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Southern Historical Society Papers, Volume 1. (ed. Reverend J. William Jones) 12 2 Browse Search
Southern Historical Society Papers, Volume 10. (ed. Reverend J. William Jones) 4 2 Browse Search
Robert Underwood Johnson, Clarence Clough Buell, Battles and Leaders of the Civil War. Volume 4. 3 1 Browse Search
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Browsing named entities in Southern Historical Society Papers, Volume 10. (ed. Reverend J. William Jones). You can also browse the collection for James McCloskey or search for James McCloskey in all documents.

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Southern Historical Society Papers, Volume 10. (ed. Reverend J. William Jones), Sketch of the Third Battery of Maryland Artillery. (search)
down, during the night, and went up Red river to Fort De Russy, where she was captured by the Confederates. Sergeant Langley's section was now transferred from the Archer to the Queen of the West; and immediately after, the latter, with the Grand Era and the Webb, proceeded up the Mississippi to the Grand Gulf, where, on the 24th, they captured the iron-clad Indianola. This vessel was a formidable craft, armed with eleven-inch guns, and had just run the blockade at Vicksburg. Captain James McCloskey, of General Richard Taylor's staff, commanded the Queen. The entire Confederate fleet was commanded by Major J. L. Brent. A correspondent speaking of this affair says: In closing we cannot refrain from mentioning specially the command of Sergeant E. H. Langley, of the 3rd Maryland Artillery. He had detachments for two guns, (thirteen men,) on the Queen, and was in command of the two Parrott guns. He himself took charge of the eighty-six pounder bow-gun, with which he rema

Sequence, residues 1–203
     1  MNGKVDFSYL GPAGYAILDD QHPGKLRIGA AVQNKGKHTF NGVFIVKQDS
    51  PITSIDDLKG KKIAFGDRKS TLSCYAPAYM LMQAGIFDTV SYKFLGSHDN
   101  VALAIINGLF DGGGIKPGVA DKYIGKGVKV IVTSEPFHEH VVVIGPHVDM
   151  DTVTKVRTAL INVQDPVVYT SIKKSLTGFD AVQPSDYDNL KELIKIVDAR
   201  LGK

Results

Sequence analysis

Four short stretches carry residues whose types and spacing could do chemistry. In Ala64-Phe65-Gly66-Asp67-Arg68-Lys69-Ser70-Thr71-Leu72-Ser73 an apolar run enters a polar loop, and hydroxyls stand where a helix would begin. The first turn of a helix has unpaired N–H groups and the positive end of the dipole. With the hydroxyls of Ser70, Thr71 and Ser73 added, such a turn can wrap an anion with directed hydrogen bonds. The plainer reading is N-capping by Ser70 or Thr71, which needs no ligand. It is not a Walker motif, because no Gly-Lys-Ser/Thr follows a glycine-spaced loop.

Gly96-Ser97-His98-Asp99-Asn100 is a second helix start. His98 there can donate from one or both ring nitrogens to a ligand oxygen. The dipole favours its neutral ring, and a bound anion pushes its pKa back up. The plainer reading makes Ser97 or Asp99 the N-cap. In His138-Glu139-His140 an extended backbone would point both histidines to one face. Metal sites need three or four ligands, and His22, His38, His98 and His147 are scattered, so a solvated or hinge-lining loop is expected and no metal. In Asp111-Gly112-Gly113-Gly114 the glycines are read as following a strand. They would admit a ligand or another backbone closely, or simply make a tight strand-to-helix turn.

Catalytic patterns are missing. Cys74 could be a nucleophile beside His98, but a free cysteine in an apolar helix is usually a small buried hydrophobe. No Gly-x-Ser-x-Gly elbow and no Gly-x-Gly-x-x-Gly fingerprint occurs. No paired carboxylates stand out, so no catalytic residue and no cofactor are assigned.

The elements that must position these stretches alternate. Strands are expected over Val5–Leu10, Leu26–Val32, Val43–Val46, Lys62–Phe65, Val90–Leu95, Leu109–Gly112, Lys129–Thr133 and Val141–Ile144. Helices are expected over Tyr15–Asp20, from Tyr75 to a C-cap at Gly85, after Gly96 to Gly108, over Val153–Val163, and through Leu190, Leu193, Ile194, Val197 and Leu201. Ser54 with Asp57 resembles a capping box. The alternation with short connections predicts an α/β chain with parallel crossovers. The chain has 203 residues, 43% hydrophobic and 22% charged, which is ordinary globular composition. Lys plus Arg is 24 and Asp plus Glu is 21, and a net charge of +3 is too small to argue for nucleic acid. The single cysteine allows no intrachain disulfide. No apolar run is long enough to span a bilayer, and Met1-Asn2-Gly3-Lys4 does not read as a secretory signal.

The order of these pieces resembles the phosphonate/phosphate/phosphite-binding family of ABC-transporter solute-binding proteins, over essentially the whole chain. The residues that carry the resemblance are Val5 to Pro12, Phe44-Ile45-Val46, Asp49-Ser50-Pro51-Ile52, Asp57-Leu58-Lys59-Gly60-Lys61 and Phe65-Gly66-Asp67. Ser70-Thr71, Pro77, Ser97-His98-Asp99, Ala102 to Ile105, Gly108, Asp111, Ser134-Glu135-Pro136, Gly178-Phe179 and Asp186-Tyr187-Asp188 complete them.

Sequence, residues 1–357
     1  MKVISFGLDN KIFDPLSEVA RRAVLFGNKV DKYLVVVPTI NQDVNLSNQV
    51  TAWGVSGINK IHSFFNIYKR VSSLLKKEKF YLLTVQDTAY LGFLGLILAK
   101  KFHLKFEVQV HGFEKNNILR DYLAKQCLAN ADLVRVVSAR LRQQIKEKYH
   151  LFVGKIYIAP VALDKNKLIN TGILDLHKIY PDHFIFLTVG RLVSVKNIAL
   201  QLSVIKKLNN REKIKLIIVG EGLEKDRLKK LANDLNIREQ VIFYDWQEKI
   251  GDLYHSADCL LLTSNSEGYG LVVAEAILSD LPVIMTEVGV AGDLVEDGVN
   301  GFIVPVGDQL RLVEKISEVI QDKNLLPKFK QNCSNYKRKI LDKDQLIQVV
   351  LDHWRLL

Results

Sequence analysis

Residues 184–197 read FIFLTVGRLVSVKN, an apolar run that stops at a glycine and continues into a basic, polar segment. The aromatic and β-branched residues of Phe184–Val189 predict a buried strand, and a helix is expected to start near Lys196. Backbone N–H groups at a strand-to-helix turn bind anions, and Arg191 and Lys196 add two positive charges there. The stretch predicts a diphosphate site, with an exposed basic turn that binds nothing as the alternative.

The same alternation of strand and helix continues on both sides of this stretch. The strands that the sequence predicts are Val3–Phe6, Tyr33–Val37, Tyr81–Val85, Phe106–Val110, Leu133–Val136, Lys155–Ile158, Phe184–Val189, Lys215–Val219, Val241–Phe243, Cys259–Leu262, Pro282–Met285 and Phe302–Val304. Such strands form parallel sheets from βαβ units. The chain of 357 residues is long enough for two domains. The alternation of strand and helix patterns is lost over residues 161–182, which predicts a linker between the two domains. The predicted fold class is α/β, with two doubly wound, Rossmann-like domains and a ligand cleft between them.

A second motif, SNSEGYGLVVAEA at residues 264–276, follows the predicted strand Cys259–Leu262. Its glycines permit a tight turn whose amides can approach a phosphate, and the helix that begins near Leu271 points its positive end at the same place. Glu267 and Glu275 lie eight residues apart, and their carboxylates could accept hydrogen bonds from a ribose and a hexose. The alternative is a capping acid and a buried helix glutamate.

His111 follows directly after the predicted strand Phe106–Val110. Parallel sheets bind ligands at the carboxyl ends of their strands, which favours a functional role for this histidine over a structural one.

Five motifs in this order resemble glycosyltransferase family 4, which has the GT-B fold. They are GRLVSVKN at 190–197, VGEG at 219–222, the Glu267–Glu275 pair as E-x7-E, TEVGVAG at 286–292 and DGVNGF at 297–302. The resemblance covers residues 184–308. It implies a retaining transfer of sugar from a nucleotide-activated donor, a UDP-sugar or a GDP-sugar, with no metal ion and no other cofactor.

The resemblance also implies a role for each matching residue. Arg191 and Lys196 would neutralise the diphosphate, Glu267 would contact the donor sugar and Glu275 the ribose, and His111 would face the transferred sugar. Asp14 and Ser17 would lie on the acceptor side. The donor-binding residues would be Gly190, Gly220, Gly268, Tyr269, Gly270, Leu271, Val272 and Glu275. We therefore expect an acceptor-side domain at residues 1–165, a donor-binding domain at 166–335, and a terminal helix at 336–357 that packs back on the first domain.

Southern Historical Society Papers, Volume 10. (ed. Reverend J. William Jones), Sketch of Third Battery of Maryland Artillery. (search)
o ordered her to be burnt. This is a beautiful little town, on the right bank of the river. It has something of the appearance of Selma. Ned Langley says he is waiting patiently for his appointment. Our guns are at Fort Taylor, and Captain James McCloskey, an old acquaintance of Lieutenant Claiborne, says he thinks we can get them. My love to all the boys. Very truly yours, Wm. T. Patten. Another letter from Lieutenant Patten: on board C. S. Steam ram, Queen of the West, Al ready for service. I do not know for certain where we are destined, but think for Burwick's bay, if there is sufficient water for us to get there. There is a fleet of Federal gunboats there, among which we will have some fun. I find Captain McCloskey much of a gentleman. How do you get on with sassafras tea and bull now? I suspect you will scarcely make a shadow when I see you. Our bill of fare consists of bacon, fat beef, venison steak, eggs, biscuit, and strong green tea. I hope